Death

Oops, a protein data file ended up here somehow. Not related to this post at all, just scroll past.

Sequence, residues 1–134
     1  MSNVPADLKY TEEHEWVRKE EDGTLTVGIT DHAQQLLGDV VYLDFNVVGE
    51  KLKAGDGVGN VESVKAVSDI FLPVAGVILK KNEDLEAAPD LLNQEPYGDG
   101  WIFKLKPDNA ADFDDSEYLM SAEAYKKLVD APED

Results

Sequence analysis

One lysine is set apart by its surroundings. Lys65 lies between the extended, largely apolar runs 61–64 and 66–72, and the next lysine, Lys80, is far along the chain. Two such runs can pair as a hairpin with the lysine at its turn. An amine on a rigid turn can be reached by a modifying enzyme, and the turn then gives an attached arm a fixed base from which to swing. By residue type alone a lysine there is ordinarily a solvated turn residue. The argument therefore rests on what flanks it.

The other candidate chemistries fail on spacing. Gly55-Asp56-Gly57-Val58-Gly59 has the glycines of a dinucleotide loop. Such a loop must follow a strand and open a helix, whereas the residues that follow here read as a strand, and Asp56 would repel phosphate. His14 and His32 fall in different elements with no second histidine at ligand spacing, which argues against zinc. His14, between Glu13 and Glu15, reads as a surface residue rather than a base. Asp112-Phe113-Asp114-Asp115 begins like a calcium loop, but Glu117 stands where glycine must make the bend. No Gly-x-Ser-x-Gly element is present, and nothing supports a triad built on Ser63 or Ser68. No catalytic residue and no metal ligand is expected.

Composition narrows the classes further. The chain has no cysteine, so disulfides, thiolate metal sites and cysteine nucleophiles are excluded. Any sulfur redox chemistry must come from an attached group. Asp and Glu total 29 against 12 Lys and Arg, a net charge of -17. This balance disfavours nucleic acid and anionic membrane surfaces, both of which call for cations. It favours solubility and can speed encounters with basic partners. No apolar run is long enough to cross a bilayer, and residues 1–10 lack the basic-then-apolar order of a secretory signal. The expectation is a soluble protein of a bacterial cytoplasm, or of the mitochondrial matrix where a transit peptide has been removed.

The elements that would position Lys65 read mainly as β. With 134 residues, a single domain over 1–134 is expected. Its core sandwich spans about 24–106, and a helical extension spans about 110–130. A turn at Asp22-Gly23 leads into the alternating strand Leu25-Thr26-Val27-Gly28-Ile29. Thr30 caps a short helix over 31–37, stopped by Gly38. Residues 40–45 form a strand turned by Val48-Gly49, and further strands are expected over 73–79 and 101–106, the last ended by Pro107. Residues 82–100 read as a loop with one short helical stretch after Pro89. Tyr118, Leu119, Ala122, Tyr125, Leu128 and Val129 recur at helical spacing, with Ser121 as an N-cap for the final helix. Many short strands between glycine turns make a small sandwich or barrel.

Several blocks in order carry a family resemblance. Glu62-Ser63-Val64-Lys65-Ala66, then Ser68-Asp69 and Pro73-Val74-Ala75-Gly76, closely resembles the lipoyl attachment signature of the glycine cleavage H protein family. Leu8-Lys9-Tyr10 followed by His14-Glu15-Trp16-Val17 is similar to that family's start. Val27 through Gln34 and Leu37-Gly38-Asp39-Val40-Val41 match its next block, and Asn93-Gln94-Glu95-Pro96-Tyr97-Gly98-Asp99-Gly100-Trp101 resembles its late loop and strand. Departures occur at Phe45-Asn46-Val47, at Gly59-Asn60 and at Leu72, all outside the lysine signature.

A strange topic for our culture, but I dwell in these depths from time to time. Wondering what I can pull out of the dark to understand life more fully. It is clear we humans have instincts built-in, keeping us alive. We are purposeful survivors. Yet the cycle of life is impossible to turn away from. We’d be wise to look at nature's processes more closely, embracing both life and death for a change.  The hardest death I experienced wasn't anyone dying. I was 3 and my parents left me, because it was better that way. Letting go of the idea that they’d be back to pick me up on a white horse and take me way to my real home.. that heavenly place with family intact. Well that was the death of a fairy tale. I guess I’m no stranger to the grieving process because my parents died before they were dead.  While looking through my rose-colored glasses growing up, I learned to be coolly detached from reality and my feelings. Trauma will do that. With some consistent therapy and safe people to express to, I realized there were broken pieces I had to pick up. I had that purposeful survival instinct telling me I needed to see with my own eyes and heart again. As this process still unfolds I am confronted with dying everyday. This is a fundamental key to understanding that we are alive, to live fully.  I also went to many funerals as a child. Being in a small town, raised by grandparents, and in the church it was customary to pay respects to anyone that passed. I cried at every viewing, it is terrible to witness humans hurting and grieving their losses. And I’ll add it’s a little terrifying seeing a dead body dressed up like it's still alive.  Three years ago I was able to be with someone very close to me as her essence left her body. Beyond the raw truth that she was no longer there, I couldn't tell if it was a birth or a death. They felt the exact same. It was euphoric and overwhelmingly spiritual. Words would never describe it in its totality. The thing I took away from witnessing this transition was that this wasn’t the end. I thought to death, “Well now that we’ve been properly acquainted... I realize this won't be the last time we meet.”  That gets me thinking about dying everyday. Might as well jump right into it. Like when things don’t go our way. Or when we’re growing out of a situation that no longer serves us. It’s like a snake shedding it’s skin. Dried dead skin is no longer useful, really. When we become observers of these challenges, it’s not that they go away, we just become better at accepting both sides of the truth.  Even in a life worth living, which I believe all are, we face many let downs. We have to watch our shoulds crumble and fall away to die. The mysteries of letting go and not knowing what’s on the other side gets me flailing around too, sometimes. Surrendering can be a real shit show. But as we move forward, let's just let it be that way. Let’s be brave in knowing we will make it to the other side ready for the next adventurous cycle.  How do you get to know your own dying. Are you open to observing and embracing your own death processes? And if not, why do you think that is?